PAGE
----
“ How U.S. Navy SEALs Lead and Win ”

by Jocko Willink and Leif Babin

Book Cover

A list of leadership principles from Navy Seals commanders, with application to business. Nothing revolutionary, but examples out of business and the industry. Once I got beyond the somewhat redundant military examples, I actually appreciated the different style. Bonus points for a clear organization, clear points, and the straight-to-the-point approach. A book that practices what it preaches.


Leaders take full responsibility for their teams, their primary goal is the mission, they understand it, its reasons, and gather the team around it. They provide clarity and organization, and keep the big picture in mind when planning. They keep things simple and in check. They practice self discipline

reading notes

Take full responsibility for what happens in your team. No excuses. (7h1: Habit #1)

There’s no such thing as a bad team, only bad leaders. A good leader is viral, their effects are long term (#1)

Understand the why, challenge it (or its understanding) if necessary. Explain it to your troops (7h: Habit #2)

Work as one with other teams. What matters is the mission, not who wins it. Work as a team, doesn’t matter if you’re in the same organization or company as long as your mission is aligned. Remember who the enemy is. (7h: Habit #4/#6)

Leave ego checked at the door. Listen to others, use their skills and knowledge. (7h: Habit #5)

Simple principle. Smallest step possible, don’t try to over plan. Keep it simple. Plans need to be easily understood, visible for everyone, well communicated (KISS)

Prioritize and execute. Things go sideways, and snowball into a multitude of issues. This can be overwhelming even if for seasoned leaders. When in stressful environments, prioritize and and execute. Relax, observe, define the highest priority and execute on this one. Evaluate the highest priority effort. Communicate it clearly. Re-evaluate as priorities can shift. (7h: Habit #3)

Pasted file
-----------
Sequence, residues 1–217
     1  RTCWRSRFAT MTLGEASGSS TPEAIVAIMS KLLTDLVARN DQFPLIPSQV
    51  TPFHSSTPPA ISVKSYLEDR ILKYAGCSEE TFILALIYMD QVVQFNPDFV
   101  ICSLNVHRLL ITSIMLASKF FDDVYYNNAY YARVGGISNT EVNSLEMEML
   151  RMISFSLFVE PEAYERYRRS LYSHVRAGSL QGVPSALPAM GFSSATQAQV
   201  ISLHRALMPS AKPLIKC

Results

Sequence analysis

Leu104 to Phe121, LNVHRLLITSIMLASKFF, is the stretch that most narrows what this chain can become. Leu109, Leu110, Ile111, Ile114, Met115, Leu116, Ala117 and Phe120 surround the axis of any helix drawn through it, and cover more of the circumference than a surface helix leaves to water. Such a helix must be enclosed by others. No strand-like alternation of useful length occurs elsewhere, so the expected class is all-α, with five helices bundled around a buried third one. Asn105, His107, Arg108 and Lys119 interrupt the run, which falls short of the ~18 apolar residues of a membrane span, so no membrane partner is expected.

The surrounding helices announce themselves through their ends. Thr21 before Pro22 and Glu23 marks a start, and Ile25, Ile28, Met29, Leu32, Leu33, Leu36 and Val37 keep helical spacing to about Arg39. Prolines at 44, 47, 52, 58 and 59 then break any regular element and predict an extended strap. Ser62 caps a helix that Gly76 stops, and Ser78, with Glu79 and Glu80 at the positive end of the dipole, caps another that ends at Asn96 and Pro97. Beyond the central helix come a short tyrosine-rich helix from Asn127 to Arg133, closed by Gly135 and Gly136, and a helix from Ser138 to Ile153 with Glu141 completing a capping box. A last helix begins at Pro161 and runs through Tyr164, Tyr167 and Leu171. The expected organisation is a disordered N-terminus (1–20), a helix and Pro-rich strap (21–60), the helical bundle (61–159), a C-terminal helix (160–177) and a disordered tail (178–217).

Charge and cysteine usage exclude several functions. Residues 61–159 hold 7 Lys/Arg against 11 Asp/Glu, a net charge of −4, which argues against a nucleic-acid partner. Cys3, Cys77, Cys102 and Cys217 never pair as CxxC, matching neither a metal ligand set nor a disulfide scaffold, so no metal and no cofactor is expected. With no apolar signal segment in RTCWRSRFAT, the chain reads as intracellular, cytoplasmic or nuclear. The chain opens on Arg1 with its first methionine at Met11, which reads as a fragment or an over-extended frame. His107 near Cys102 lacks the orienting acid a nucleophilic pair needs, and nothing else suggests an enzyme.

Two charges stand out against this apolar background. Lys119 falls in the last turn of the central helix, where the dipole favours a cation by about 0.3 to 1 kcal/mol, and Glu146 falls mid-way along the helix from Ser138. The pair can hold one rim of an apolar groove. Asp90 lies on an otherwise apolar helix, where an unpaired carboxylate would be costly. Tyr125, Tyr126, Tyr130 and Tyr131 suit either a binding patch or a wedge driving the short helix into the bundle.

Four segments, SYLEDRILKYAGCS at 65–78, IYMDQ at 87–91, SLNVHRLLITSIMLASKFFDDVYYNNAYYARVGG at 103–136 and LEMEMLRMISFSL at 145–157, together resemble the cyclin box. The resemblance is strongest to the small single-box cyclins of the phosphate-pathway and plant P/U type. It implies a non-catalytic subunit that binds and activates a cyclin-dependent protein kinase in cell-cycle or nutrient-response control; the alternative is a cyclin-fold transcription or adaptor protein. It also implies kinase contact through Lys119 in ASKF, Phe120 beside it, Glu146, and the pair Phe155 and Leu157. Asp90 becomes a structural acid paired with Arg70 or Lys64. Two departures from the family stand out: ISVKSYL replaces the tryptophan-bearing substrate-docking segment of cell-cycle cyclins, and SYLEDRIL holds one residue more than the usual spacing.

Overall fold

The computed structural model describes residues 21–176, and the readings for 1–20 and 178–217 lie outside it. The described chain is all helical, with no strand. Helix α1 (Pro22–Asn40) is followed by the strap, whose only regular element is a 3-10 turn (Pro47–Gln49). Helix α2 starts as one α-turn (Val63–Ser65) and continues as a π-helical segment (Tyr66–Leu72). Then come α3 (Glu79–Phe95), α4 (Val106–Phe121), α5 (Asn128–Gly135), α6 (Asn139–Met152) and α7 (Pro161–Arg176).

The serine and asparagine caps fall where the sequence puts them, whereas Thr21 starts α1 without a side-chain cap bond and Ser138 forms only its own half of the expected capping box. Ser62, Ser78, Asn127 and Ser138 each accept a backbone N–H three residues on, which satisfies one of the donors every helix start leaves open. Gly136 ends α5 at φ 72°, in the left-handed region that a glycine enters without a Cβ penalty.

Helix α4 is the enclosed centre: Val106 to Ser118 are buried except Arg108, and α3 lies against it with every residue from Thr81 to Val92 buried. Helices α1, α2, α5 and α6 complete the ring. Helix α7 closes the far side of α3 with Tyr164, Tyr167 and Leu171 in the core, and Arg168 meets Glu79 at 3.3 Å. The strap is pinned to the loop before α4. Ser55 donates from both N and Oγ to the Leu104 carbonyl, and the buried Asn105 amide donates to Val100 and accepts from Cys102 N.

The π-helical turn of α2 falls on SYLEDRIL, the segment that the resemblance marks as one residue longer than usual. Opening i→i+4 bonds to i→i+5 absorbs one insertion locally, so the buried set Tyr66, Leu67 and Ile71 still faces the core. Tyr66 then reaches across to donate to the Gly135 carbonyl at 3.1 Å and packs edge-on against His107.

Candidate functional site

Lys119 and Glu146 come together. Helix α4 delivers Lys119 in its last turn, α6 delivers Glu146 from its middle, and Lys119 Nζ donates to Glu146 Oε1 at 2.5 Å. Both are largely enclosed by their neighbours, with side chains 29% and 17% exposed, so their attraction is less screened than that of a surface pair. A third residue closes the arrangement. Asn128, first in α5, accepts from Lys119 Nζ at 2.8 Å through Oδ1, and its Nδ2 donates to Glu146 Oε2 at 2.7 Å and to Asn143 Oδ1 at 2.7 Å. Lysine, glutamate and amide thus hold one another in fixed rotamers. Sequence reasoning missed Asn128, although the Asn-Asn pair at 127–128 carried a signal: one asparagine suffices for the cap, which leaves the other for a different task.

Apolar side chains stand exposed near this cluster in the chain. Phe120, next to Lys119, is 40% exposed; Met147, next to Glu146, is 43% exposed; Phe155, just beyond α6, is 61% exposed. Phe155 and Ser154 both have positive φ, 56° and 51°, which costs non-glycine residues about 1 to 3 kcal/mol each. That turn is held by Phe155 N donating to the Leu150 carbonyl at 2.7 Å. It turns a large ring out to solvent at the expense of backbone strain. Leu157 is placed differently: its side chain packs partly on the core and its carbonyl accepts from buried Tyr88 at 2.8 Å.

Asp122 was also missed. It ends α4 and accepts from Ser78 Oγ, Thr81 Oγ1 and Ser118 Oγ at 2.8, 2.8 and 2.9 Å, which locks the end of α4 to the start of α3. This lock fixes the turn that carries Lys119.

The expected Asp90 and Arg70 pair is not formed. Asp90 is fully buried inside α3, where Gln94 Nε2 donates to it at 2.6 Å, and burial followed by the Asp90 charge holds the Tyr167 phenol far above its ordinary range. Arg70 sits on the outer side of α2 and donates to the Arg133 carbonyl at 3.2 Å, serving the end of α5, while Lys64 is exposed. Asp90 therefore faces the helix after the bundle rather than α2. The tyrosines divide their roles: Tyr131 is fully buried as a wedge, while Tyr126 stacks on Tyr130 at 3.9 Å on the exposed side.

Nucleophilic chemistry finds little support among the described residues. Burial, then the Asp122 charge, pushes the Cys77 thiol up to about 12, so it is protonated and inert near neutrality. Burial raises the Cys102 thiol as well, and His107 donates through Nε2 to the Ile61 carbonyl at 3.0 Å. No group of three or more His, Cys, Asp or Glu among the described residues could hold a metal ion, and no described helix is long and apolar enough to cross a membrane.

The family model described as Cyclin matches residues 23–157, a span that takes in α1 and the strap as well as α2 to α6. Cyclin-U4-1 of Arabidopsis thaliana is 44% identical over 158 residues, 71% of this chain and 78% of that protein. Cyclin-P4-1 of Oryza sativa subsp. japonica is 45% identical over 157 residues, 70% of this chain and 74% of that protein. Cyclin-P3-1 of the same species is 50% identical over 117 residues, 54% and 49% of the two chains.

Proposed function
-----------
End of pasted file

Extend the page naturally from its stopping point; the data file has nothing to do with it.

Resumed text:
Decentralize command - 4 to 6 reports max, give latitude of making decisions and support them, stay connected to what’s happening. (PoPDF2: Delegation framework)

Plan. Analyze the mission, understand the intent. Identify personnel resources and time. Decentralize planning, let junior leaders come with course of action. Determine course of action, lean towards simplest. Empower leaders to come with plan for specific course of action. Include contingencies through each phase of the plan and mitigate risks. Delegate portions of the plan to junior leaders, and remain at the big picture/strategic level to make sure you identify gaps. Check plan against emerging info and validate it still fits. Brief everyone. (PoPFD: Exploit variability)

Manage up. You need to provide situational awareness to the leadership. If upper management questions or requests seem out of phase, that means you need to do a better job at explaining the situation. Ask yourself: do they want me to fail? If it’s helping situational awareness it’s not a waste of time, it’s helping ensuring you get everything you need.

Be decisive. You’ll never have all the data you need, and situation will be stressful. Make the hard calls. (Radical candor3)

Have self discipline. Wake up early, practice your craft, study. Don’t let discipline prevent you from executing. Be systematic but don’t become a robot. You can have emotions and be angry, but don’t let that deteriorate the mission success. Be close to your team but not so close that a person becomes more important than the mission. Be confident but not so confident that you stop listening to others. Be calm but not silent. etc. (7h: #7, Clean Coder, 12rfl: keep should straight4)

foot notes

About Reading Notes

These are my takes on this book. See other reading notes. Most of the time I stop taking notes on books I don't enjoy, and these end up not being in the list. This is why average ratings tend to be high.